By Chris Lewis | May 16, 2021
When CBS voters go the polls this September to elect a new council, Terry French’s name won’t be among the choices on the ballot for mayor.
French announced his decision to The Shoreline Tuesday so that potential candidates will have plenty of time to weigh a run for the town’s top municipal job.
The former PC MHA and cabinet minister, who returned from a break from politics fours ago to seek the mayor’s chair, winning it by acclamation, said he knew at the time it might just be a four year stint this time around.
The president of the president of the Construction Labour Relations Association of Newfoundland and Labrador said he didn’t seek the mayor’s job for local fame or money, but because he loves his community.
French said there were a few goals he had hoped to accomplish during his term and is happy to say they have more or less been met and he is satisfied with the work he has seen done since 2017.
The first of those goals was the freezing of taxes. French described seeing taxes go up significantly over the years, which was a concern because not everyone’s incomes follow suit. So, he made it a priority as mayor to hold the line.
“But of course, in order to do that, I had to accomplish item number two on my list: reduce spending,” French said. “We had to reduce spending at the Town Hall and I’m very proud to say that we’ve done that four years consecutively, including this year. So, we’ve had four straight years of reduced budgets … If we wanted to hold the line on taxes, we had to reduce spending.”
His third and final goal, French said, was to improve the town’s roads. French said all of council has worked toward that end. This included a sidewalk program, which saw monies budgeted each year to expand sidewalk coverage around schools and other pedestrian heavy areas.
Although there are still roads that need sidewalks, French said, he is proud of what the Town was able to accomplish.
“The priority had to be in the school zones,” he explained. “We wanted to get the 1.6-kilometres done, so that kids could walk along Route 60 safely, to and from schools. We have about 5,000 kids going back and forth to learning facilities on our shore, so it was something we had to take a crack at and we’ve made great progress.”
French said he was also happy to see a new community park approved for Long Pond even if there was some opposition. When completed, the park will provide another open green space, a playground, and a splash pad and ice rink combo – all things the town has needed for many years, French said.
“And finally, we’re going to see the library started this year,” French noted. “It was in 2014 when we initially got the money granted, so to say I’m happy to finally see shovels in the ground is an understatement. That’s something a town our size is certainly in need of.”
Those accomplishments aside, French said the time has come for someone new to take on the job of mayor.
But he allowed anyone interested in the position may need a thick skin and the patience to avoid engaging with critics on social media.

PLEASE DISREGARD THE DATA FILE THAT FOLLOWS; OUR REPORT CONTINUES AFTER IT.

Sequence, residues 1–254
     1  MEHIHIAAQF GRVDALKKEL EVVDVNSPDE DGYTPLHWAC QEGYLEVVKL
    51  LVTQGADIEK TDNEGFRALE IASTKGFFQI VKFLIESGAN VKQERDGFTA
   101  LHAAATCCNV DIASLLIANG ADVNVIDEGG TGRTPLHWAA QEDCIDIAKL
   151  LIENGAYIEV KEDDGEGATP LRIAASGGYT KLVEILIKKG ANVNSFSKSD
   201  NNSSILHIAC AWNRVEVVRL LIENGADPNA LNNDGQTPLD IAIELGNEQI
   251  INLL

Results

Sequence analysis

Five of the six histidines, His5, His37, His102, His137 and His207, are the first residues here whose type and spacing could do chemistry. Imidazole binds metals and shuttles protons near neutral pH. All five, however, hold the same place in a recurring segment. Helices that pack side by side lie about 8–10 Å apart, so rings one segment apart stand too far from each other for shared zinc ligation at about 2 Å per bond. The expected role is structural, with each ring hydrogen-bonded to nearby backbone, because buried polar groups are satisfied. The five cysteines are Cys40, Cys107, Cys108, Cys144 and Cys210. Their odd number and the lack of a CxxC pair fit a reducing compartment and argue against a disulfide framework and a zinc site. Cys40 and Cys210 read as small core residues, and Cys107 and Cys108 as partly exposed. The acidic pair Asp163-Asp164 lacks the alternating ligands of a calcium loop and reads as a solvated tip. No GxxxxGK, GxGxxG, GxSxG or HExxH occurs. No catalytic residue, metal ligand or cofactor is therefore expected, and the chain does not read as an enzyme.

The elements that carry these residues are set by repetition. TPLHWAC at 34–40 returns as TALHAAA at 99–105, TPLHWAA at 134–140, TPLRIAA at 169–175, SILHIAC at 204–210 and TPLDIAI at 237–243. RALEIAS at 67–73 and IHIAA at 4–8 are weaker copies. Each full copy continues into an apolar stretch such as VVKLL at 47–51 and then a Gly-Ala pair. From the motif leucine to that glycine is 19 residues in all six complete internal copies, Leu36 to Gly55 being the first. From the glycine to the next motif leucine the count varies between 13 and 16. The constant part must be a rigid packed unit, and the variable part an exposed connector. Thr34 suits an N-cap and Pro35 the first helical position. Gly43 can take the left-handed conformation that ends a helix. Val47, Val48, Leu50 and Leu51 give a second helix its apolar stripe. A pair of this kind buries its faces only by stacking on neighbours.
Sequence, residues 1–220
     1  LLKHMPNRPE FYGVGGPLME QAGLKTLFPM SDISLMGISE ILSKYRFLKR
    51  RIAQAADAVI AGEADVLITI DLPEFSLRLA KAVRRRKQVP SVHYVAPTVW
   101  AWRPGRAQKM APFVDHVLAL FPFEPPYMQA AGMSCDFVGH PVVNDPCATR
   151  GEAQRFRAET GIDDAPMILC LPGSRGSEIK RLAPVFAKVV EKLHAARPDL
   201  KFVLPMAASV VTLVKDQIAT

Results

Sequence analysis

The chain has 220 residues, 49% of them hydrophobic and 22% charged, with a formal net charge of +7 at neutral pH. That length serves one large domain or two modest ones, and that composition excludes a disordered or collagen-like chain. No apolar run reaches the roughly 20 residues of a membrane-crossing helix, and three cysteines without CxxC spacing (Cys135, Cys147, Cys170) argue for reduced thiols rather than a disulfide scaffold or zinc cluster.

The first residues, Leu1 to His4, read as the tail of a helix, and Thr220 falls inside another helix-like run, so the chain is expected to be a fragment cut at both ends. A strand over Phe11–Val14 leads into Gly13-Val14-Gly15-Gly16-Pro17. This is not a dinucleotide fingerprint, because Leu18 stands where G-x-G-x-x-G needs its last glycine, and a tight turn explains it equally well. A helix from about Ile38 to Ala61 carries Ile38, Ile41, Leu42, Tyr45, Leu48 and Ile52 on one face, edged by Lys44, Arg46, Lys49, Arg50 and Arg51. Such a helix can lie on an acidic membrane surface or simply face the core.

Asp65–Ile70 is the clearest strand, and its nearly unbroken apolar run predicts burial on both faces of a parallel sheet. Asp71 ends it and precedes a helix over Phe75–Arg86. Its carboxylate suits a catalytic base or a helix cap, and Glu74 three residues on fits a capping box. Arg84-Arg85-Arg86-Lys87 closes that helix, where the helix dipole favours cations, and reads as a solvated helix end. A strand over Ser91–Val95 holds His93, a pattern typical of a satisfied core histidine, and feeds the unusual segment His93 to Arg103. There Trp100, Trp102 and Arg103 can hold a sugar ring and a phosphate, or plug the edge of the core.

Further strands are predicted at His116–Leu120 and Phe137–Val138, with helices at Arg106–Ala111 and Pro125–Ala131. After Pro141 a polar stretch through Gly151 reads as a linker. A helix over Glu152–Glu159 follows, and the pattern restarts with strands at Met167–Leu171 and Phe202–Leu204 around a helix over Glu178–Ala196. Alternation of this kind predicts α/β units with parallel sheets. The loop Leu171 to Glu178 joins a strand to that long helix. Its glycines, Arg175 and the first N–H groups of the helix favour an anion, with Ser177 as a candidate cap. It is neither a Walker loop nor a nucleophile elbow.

French said the divisive impact of social media has permeated politics right down to the municipal level. And while that isn’t the reason he is not running again, he said, aspiring politicians need to keep it in mind; it’s something that was completely foreign when he first became involved in politics.
“It can get pretty personal,” French admitted.
While he welcomes debate, French said, some of the things he has seen said about him and his colleagues goes well beyond what would constitute a debate.
“People going after my grandmother, who’s been dead since the early 80s – to listen to her name being dragged through social media, that was devastating,” French said. “They can just keep that up for three or four days, and then take it down again. I watched another group attack me and my day job, and I think when people do that, it’s just below the belt. But, having said that, I’m not shying away from the race because of that. There will be trolls on social media long after I’m gone. It’s the least of my worries. I just hope the majority of people see it for what it is.”
The role of mayor is a time consuming one, French said, suggesting it may be time for people to look at it as a full time job.
With the amount of development in Conception Bay South, and unexpected issues such as Snowmaggedon that can crop up, French said the town could really benefit from having a full-time mayor.
Given that he already has a busy full-time job that bodes to be even busier in the coming year, French said, is the reason he is not seeking re-election.
“I encourage anyone and everyone to step up to the plate, but do it with good intentions. Keep in mind what it is you’d like to see in this Town,” French advised. “I went after what I thought should happen in the town’s future, and I think people like when you show advancements and lay out what you’d like to see in the town. That’s what people want. That’s where the success is in all this; not in ripping people down. I really do encourage as many people (as possible) to get involved, but don’t underestimate the amount of hours that’s required to do the job and do it properly.”